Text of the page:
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San Francisco Plans To Back a Safe Consumption Site, Despite Newsom’s Veto

Written by David SjostedtPublished Aug. 22, 2022 • 4:06pm
San Francisco mayor London Breed speaks during a news conference to show support for safe injection sites within city limits at HealthRIGHT 360 on September 4, 2018 in San Francisco, California. San Francisco mayor London Breed joined local and state lawmakers in supporting Assembly Bill 186 which would allow safe injection sites in San Francisco. The bill, authored by state assemblymemeber Susan Eggman and state senator Scott Wiener, creates a 3-year pilot program for supervised drug consumption programs. | Justin Sullivan/Getty Images


San Francisco plans to move forward in allowing a non-profit to open up a safe consumption site despite Gov. Gavin Newsom’s veto of a bill, Senate Bill 57, that would have legalized the sites at the state level.

City Attorney David Chiu indicated in a statement to The Standard that the city plans to back a local non-profit in opening a safe consumption site, which are banned federally under the Controlled Substances Act.

“San Francisco must continue to work to address our opioid overdose crisis. To save lives, I fully support a non-profit moving forward now with New York’s model of overdose prevention programs,” said City Attorney David Chiu.

Mayor London Breed echoed those sentiments in a statement, writing that “we know implementing overdose prevention programs is a key step in our efforts to help people struggling with addiction.”

Breed said the city will continue its conversations with the federal government, which is expected to release rules about opening such sites as part of a settlement in a Philadelphia court case.

SB 57 would have protected the medical licenses of doctors and nurses who may staff these sites, according to the City Attorney’s Office. The city has already purchased two buildings with the stated goal of opening a safe consumption site.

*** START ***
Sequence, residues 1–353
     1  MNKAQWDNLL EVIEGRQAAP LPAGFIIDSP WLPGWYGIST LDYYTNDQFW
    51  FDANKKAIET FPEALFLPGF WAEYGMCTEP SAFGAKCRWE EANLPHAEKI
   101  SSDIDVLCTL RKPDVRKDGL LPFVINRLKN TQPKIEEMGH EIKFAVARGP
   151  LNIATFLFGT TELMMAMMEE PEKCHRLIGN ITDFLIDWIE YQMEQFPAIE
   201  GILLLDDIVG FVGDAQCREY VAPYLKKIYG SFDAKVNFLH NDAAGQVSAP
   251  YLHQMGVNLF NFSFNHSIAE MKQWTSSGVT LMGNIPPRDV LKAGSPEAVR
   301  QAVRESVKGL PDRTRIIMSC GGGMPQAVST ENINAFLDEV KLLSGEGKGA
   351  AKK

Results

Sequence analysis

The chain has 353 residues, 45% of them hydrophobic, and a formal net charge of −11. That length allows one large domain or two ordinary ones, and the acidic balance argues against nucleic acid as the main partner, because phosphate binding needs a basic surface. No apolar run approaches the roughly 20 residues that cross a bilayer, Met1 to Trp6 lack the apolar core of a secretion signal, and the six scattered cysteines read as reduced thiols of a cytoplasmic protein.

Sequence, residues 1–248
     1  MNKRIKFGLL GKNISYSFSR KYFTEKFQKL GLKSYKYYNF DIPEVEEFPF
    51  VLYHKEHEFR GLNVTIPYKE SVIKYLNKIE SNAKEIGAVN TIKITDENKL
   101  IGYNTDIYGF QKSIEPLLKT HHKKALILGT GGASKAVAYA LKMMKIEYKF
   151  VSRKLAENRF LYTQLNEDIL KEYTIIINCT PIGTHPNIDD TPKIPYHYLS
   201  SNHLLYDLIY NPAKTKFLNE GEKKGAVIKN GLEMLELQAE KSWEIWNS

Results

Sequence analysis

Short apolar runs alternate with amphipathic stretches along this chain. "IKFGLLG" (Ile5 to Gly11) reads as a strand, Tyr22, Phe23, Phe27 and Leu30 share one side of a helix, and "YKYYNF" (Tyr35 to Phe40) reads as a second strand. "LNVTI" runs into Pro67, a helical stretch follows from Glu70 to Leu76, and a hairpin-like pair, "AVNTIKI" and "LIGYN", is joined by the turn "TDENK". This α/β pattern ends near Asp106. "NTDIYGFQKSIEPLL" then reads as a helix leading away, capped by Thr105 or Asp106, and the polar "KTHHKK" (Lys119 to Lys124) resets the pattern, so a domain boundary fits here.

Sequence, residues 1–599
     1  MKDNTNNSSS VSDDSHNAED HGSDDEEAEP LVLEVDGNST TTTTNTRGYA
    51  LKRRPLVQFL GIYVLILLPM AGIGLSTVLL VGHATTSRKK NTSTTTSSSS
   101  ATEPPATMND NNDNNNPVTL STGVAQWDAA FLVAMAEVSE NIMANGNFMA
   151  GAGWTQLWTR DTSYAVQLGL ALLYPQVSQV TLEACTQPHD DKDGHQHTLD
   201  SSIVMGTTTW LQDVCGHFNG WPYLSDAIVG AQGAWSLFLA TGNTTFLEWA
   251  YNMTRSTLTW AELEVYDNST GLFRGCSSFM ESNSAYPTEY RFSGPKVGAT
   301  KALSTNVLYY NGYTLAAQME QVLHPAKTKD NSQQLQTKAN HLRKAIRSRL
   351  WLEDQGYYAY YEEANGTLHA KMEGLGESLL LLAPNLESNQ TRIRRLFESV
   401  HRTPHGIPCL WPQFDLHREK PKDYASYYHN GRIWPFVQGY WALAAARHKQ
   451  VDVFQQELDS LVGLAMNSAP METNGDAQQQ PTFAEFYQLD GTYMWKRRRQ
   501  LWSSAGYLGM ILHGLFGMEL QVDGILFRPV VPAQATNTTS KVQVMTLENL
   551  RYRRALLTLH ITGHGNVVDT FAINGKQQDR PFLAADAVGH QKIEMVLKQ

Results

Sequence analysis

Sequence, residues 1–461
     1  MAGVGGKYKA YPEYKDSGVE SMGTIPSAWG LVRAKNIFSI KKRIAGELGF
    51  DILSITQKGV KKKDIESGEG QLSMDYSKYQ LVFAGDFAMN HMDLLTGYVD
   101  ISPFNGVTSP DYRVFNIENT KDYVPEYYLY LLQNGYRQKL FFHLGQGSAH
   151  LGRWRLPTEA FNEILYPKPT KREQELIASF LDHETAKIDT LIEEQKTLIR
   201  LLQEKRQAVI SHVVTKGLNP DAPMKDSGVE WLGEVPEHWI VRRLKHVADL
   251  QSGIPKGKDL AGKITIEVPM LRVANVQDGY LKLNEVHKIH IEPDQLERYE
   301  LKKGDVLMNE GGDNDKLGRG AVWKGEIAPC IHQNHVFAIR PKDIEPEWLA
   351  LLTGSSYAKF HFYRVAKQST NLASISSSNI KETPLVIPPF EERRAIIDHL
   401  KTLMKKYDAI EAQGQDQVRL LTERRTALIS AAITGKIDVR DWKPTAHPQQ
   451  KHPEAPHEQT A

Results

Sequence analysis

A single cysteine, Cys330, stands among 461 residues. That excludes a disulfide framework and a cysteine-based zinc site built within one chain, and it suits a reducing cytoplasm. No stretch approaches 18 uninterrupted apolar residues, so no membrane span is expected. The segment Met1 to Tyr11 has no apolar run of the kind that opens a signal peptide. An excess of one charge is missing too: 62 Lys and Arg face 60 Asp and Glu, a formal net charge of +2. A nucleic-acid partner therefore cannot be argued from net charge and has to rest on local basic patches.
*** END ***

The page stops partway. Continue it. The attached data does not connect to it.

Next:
In January, the city opened a facility called the Tenderloin Center under an emergency ordinance declared by Mayor London Breed that morphed into a de-facto safe consumption site. That site was run in part by the nonprofit HealthRight360.

While more than 140 overdoses have been reversed at the Tenderloin Center since its opening, the site also drew harsh scrutiny for an apparent lack of success in connecting guests to substance use treatment. The center is slated to close at the end of the year.

Gary McCoy, a policy director at HealthRight360, said that the challenge in opening a safe consumption site through a nonprofit will be finding private funding to do so. 

“I commend the City Attorney for having the courage the governor did not in immediately moving forward with these sites,” McCoy said. 

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Sources pointed to Healthright360, Glide and the San Francisco AIDS Foundation as nonprofits that would potentially work with the city in opening safe consumption sites.

Laura Thomas, director of harm reduction policy at the AIDS Foundation, said that her organization is interested in working with the city in opening a site. 

“It’s certainly not a secret that we are very interested in adding these services,” Thomas said. 

Correction: This story has been updated to clarify that SB 57 would have provided legal protections for doctors and nurses who staff safe consumption sites, according to the City Attorney. However, the bill does not require doctors and nurses to staff the sites. 


David Sjostedt can be reached at [email protected]

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